Governor Oparanya's bid to takeover Mumias flops

Senior managers skip meeting with county boss; he forms committee to study ways of reviving miller

In Summary

• On Saturday, Oparanya announced he would take over the company.

• But after a meeting with managers flopped, he said he will work with management to revive the firm.

Workers at Mumias Sugar Company
TROUBLED MILLER: Workers at Mumias Sugar Company
Image: FILE

Attempts by Kakamega Governor Wycliffe Oparanya to take over troubled Mumias Sugar Company flopped yesterday.

Senior managers avoided a meeting with Oparanya who went ahead to form a committee chaired by County Secretary Jacinta Adhiambo to come up with recommendations on how his government could revive the company.

Oparanya toured the factory after the failed meeting and addressed a section of staff. But he changed tune, instead saying he wants to partner with the management to revive the firm. 


He said the committee he formed will comprise county staff and two representatives from the company, one representing staff and another the union.

On Saturday, Oparanya announced he would take over the company. He said he would deploy county enforcement officers and police to guard the company, claiming the management planned to sell its assets secretly.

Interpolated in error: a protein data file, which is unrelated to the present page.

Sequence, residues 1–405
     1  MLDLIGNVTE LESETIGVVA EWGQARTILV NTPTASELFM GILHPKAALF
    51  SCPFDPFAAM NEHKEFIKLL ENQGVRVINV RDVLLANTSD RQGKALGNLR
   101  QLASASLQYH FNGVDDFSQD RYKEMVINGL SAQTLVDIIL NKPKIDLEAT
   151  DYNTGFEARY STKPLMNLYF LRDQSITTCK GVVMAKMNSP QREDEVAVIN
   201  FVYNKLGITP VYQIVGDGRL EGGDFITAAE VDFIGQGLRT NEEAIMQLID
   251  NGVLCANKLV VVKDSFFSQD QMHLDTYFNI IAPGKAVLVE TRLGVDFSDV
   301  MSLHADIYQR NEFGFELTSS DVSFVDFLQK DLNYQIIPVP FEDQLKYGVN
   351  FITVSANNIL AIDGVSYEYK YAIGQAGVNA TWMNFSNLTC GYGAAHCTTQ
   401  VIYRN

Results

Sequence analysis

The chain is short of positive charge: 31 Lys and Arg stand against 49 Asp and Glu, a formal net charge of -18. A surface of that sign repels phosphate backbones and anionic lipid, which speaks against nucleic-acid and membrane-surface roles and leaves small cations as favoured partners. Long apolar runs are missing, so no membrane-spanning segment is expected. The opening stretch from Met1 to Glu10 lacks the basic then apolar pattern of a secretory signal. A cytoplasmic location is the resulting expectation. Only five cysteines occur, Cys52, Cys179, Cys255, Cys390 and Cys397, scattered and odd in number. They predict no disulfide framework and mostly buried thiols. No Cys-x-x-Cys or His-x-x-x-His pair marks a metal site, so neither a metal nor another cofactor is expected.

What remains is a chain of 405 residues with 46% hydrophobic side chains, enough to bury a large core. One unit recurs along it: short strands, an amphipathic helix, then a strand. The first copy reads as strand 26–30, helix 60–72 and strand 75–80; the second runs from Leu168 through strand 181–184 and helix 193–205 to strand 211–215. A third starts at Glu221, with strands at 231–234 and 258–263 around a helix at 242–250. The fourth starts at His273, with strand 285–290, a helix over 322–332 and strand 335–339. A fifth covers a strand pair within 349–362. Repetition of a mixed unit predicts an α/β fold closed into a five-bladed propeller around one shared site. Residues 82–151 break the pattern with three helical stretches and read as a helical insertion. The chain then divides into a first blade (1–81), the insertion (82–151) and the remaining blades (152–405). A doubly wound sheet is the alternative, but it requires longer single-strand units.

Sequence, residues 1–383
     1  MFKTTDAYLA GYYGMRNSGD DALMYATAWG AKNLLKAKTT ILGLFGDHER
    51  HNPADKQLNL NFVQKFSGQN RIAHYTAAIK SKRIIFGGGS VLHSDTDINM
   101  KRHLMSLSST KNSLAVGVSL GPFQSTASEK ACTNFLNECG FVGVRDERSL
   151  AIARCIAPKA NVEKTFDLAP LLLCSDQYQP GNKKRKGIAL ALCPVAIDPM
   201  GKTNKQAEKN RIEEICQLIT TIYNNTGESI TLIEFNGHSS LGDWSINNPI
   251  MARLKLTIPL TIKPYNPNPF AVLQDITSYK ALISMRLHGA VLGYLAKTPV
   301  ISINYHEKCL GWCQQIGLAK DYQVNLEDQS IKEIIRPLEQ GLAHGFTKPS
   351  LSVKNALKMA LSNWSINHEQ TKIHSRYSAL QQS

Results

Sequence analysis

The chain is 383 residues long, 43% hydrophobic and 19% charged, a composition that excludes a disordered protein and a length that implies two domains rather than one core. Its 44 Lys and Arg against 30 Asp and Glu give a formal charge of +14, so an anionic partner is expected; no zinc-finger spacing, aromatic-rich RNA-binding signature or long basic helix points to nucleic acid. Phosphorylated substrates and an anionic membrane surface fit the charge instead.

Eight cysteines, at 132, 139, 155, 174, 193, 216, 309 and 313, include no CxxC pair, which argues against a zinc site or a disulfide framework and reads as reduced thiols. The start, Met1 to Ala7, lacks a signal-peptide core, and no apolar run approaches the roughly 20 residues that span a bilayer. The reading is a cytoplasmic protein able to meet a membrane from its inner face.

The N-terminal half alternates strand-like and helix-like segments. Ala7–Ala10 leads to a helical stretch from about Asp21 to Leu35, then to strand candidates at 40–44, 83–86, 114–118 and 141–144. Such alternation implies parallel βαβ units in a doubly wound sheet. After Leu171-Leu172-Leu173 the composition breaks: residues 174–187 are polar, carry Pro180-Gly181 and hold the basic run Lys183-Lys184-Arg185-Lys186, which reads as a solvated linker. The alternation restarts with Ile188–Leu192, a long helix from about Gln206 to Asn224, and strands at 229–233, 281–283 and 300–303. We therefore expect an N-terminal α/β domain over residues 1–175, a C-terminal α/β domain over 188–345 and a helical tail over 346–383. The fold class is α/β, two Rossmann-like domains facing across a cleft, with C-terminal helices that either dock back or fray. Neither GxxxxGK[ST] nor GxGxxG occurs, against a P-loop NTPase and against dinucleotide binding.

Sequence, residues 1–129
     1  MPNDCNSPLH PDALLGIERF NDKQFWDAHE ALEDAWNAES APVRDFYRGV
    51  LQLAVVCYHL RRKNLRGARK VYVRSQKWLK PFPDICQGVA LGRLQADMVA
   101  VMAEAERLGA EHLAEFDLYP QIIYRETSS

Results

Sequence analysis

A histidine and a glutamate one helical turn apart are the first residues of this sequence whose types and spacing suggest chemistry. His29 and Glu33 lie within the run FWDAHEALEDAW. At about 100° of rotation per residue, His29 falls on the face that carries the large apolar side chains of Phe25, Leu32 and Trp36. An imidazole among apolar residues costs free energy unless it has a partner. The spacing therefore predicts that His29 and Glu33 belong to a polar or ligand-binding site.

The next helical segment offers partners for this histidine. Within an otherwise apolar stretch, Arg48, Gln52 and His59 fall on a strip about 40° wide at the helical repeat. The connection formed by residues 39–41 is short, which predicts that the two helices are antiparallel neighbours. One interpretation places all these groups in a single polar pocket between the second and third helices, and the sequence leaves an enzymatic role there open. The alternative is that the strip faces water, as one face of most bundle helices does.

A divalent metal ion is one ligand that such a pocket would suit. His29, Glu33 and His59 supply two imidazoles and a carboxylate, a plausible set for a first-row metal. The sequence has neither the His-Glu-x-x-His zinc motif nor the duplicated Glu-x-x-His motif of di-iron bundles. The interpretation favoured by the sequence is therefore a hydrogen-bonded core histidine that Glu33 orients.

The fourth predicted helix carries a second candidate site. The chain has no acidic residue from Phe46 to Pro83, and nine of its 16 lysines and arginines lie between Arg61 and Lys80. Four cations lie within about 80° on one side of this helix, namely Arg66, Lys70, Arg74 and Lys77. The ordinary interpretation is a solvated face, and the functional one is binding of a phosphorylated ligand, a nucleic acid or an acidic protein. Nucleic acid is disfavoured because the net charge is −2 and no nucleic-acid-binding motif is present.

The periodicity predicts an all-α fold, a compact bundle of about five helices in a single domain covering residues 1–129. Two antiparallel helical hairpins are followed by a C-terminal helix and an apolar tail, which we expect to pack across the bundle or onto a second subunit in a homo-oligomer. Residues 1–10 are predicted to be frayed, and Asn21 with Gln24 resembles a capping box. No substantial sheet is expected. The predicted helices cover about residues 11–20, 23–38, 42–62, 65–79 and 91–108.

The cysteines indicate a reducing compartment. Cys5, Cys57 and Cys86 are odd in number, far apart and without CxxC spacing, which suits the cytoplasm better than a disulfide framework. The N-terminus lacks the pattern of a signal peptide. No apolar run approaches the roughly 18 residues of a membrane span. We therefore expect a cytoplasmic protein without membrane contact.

But acting MD Issac Sheunda rubbished Oparanya's committee, terming it illegal and strange.

“We avoided the meeting as management because we don’t have the mandate to deal with the company changeover the governor wanted. We’ll not recognise the resolutions of the meeting because we were not part of it,” Sheunda said.

“The governor is behaving strangely since his election as Council of Governors chairman. He behaves as if he is invincible. Only God can tell.”

He said that Oparanya was meeting some of the staff as residents of Kakamega.

The governor was not genuine about revival of the company because it was he who told sugarcane farmers to uproot cane during campaigns and they did, the director said.


He termed as laughable claims by Oparanya that the company plans to sell off some assets secretly.

“We approached Oparanya and asked him to assist us by having county staff manage our non-core assets like the housing estate and the sports club and assist us in cane development but he declined, agriculture being a devolved function. He cannot then turn around and say we are selling them,” he said.

Sheunda said the board decided to lease off the assets to raise cash to commence operations since they would fetch more under management by an agent. The company has 2, 300 houses.

Sheunda said the government and lenders have said they will not offer further support after assisting pay farmers' arrears amounting to Sh700 million.